Scientists say the "outdoor effect" on nearsighted children is real: natural light is good for the eyes. (Photo by Bill O'Leary/The Washington Post)

It's long been thought kids are more at risk of nearsightedness, or myopia, if they spend hours and hours in front of computer screens or fiddling with tiny hand-held electronic devices.

Not true, say scientists. But now there is research that suggests that children who are genetically predisposed to the visual deficit can improve their chances of avoiding eyeglasses just by stepping outside.

Yep, sunshine is all they need -- more specifically, the natural light of outdoors -- and 14 hours a week of outdoor light should do it.

Why this is the case is not exactly clear.

"We don't really know what makes outdoor time so special," said Donald Mutti, the lead researcher of the study from Ohio State University College of Optometry, in a press release. "If we knew, we could change how we approach myopia."

What is known is that UVB light, (invisible ultraviolet  B rays), plays a role in the cellular production of vitamin D, which is believed to help the eyes focus light on the retina. However, the Ohio State researchers think there is another possibility.

"Between the ages of five and nine, a child's eye is still growing," said  Mutti. "Sometimes this growth causes the distance between the lens and the retina to lengthen, leading to nearsightedness. We think these different types of outdoor light may help preserve the proper shape and length of the eye during that growth period."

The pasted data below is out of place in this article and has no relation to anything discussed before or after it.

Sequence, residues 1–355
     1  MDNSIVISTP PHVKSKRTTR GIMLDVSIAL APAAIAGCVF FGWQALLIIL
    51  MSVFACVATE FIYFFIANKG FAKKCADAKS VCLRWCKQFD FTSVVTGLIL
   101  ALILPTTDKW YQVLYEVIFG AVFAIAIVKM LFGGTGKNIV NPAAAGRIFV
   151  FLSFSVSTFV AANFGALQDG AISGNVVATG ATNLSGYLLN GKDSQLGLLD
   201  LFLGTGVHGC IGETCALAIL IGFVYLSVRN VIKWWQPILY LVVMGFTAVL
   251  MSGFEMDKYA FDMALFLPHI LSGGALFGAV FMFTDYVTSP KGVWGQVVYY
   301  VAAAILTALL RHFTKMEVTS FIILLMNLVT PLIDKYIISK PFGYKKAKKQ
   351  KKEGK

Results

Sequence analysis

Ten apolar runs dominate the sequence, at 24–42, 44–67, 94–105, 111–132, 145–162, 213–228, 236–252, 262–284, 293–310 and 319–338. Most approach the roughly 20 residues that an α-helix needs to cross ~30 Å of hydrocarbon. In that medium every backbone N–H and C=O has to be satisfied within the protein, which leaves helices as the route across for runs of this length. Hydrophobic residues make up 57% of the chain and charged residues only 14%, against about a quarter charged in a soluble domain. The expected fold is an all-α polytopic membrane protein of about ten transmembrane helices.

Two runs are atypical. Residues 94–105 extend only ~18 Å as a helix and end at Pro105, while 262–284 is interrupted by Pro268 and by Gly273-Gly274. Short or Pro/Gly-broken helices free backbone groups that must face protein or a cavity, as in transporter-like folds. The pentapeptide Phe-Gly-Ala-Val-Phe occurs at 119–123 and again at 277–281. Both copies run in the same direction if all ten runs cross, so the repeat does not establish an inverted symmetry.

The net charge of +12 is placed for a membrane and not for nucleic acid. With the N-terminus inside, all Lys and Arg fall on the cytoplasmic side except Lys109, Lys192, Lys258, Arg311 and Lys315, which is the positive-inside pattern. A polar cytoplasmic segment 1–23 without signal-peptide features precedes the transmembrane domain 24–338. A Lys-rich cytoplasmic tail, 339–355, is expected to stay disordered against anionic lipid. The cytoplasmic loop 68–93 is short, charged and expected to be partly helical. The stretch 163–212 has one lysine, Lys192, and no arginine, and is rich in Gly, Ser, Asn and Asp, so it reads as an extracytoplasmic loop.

The scientists are also studying whether visible light outdoors, not just UVB, might contribute to healthy eyesight. Even on an overcast day, outdoor light is at least 10 times brighter than indoor light, they said.  When a person is outdoors, certain specialized cells in the retina control pupil dilation, letting in more of less light.

"Our initial research suggests that the pupil responds more if these cells have been exposed to a lot of sunlight in the previous few days."

Ultimately, there are more questions to be answered, says Mutti, but he believes his team's findings are already contributing to finding those answers.

"I think the research we are doing now will help us finally solve the mystery of the outdoor effect, and maybe help some people avoid a lifetime of wearing glasses," he said. "In the meantime, I tell parents don't worry about reading, get their kids outside, but don't forget ... sunscreen."